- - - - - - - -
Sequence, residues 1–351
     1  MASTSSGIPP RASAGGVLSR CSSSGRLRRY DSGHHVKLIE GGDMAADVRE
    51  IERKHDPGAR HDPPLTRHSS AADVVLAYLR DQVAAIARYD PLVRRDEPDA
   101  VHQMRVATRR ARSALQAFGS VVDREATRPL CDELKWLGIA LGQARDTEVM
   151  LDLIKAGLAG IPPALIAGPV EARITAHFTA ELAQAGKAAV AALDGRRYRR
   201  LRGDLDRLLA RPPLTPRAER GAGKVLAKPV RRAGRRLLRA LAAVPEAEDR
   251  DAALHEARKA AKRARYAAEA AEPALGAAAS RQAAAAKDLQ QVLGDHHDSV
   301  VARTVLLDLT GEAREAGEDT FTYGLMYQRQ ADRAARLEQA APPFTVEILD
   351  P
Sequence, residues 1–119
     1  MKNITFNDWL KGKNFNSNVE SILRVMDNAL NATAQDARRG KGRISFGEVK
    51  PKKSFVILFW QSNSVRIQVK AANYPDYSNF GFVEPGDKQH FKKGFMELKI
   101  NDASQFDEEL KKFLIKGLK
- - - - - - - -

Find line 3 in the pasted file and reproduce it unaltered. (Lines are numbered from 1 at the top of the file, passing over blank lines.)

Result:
    51  IERKHDPGAR HDPPLTRHSS AADVVLAYLR DQVAAIARYD PLVRRDEPDA